Based on your enjoyment of A Heartbreaking Work of Staggering Genius” by Dave Eggers… You're likely* to like:

* statistically, based on millions of data-points provided by fellow humans

  1. You Shall Know Our Velocity!

    by Dave Eggers
    Quality: 🟢🟢🟢🟡
    Affinity: 🟢🟢🟢🟢
    Readership: Very niche

    Will has surprisingly come into a large amount of money, around $32,000. His photograph screwing in a light bulb has been made a silhouette and is being used as a picture for the company's light bulb boxes. He is uncomfortable having this money, since he feels he did nothing to earn it, and is left with a sense of guilt and purposelessness. Shortly after receiving the sum, Will and Hand's mutual childhood friend, Jack, was involved in a car accident. The pair had delusional ambitions to use the money to save his life but to no avail. After Jack's death, … (Wikipedia)

  2. The Amazing Adventures of Kavalier & Clay

    by Michael Chabon
    Quality: 🟢🟢🟡⚪️
    Affinity: 🟢🟢🟡⚪️
    Readership: Somewhat known

    The novel begins in 1939 with the arrival of 19-year-old Josef "Joe" Kavalier as a refugee in New York City , where he comes to live with his 17-year-old cousin, Sammy Klayman. With the help of his mentor, Kornblum, Joe escapes Nazi-occupied Prague by hiding in a coffin. Joe leaves behind the rest of his family, including his younger brother Thomas. As the novel develops, both Joe and Sammy find their creative niches, one entrepreneurial, the other's artistic. Beyond having a shared interest in drawing, the duo share several connections to Jewish stage magician Harry Houdini : Josef (like comics … (Wikipedia)

  3. Franny and Zooey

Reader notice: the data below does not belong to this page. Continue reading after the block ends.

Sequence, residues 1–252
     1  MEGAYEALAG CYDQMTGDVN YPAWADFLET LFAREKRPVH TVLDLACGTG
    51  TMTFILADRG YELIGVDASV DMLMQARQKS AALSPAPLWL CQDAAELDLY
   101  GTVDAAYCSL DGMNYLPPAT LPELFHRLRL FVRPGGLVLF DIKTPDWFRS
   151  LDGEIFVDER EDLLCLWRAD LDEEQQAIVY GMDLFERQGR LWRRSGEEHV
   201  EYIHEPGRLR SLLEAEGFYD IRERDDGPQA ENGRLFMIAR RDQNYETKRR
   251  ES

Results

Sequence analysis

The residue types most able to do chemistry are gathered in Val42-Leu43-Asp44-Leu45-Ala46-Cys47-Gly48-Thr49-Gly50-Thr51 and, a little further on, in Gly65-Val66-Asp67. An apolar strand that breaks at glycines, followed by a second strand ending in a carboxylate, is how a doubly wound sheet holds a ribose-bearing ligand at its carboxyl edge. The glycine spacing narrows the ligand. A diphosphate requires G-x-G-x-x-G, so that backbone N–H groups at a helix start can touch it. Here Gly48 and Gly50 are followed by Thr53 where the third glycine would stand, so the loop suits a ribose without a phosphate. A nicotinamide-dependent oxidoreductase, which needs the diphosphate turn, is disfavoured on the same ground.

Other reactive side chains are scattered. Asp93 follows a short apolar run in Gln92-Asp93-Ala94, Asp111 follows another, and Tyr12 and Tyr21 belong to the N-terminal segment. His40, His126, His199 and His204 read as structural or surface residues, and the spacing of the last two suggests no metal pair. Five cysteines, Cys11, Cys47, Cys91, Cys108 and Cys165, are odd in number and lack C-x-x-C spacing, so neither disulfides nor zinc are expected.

by J.D. Salinger
    Quality: 🟢🟢🟢🟡
    Affinity: 🟢🟢⚪️⚪️
    Readership: Somewhat known

    The short story concerns Franny's weekend date with her collegiate boyfriend, Lane Coutell. Lane takes her to a fashionable lunch room, where Franny quickly becomes exasperated when he only appears interested in conversing about the minutiae of his academic frustrations. Franny questions the importance of college education and the worth of Lane's friends. She eats nothing, feels faint, and becomes progressively more uncomfortable talking to Lane. Eventually she excuses herself to visit the restroom, where, after a crying spell, she regains her composure. She returns to the table, where Lane questions her on the small book she has been carrying. … (Wikipedia)

  4. The Brief Wondrous Life of Oscar Wao

    by Junot Díaz
    Quality: 🟢🟢🟢🟡
    Affinity: 🟢🟢⚪️⚪️
    Readership: Fairly popular

    Oscar de León (nicknamed Oscar Wao, a bastardization of Oscar Wilde ) is an overweight Dominican growing up in Paterson, New Jersey. Oscar desperately wants to be successful with women but, from a young age, is unable to find love, largely because he is a nerd obsessed with science fiction and comic books. His great fear is that he will die a virgin. After high school, Oscar attends Rutgers University. His sister's boyfriend Yunior (the narrator of much of the novel) moves in with Oscar and tries to help him get in shape and become more "normal". After "getting dissed … (Wikipedia)

  5. Everything Is Illuminated

    by Jonathan Safran Foer
    Quality: 🟢🟢🟢🟡
    Affinity: 🟢🟢⚪️⚪️
    Readership: Somewhat known